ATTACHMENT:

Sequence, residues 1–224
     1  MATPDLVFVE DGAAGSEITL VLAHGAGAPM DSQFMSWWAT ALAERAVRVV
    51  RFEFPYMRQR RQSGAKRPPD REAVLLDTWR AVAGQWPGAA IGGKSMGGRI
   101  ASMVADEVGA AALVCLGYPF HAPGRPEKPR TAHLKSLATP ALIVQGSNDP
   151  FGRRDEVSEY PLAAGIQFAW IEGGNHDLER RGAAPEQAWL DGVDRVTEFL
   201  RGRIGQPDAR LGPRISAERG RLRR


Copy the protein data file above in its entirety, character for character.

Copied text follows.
Sequence, residues 1–224
     1  MATPDLVFVE DGAAGSEITL VLAHGAGAPM DSQFMSWWAT ALAERAVRVV
    51  RFEFPYMRQR RQSGAKRPPD REAVLLDTWR AVAGQWPGAA IGGKSMGGRI
   101  ASMVADEVGA AALVCLGYPF HAPGRPEKPR TAHLKSLATP ALIVQGSNDP
   151  FGRRDEVSEY PLAAGIQFAW IEGGNHDLER RGAAPEQAWL DGVDRVTEFL
   201  RGRIGQPDAR LGPRISAERG RLRR